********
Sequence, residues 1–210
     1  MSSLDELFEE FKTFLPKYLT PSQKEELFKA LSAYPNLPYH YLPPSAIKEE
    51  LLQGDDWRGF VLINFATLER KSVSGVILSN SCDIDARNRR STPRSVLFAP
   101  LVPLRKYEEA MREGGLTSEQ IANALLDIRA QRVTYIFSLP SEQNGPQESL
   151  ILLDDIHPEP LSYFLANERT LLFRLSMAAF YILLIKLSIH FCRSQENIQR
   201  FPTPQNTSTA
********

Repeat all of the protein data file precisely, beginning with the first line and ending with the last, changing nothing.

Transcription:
Sequence, residues 1–210
     1  MSSLDELFEE FKTFLPKYLT PSQKEELFKA LSAYPNLPYH YLPPSAIKEE
    51  LLQGDDWRGF VLINFATLER KSVSGVILSN SCDIDARNRR STPRSVLFAP
   101  LVPLRKYEEA MREGGLTSEQ IANALLDIRA QRVTYIFSLP SEQNGPQESL
   151  ILLDDIHPEP LSYFLANERT LLFRLSMAAF YILLIKLSIH FCRSQENIQR
   201  FPTPQNTSTA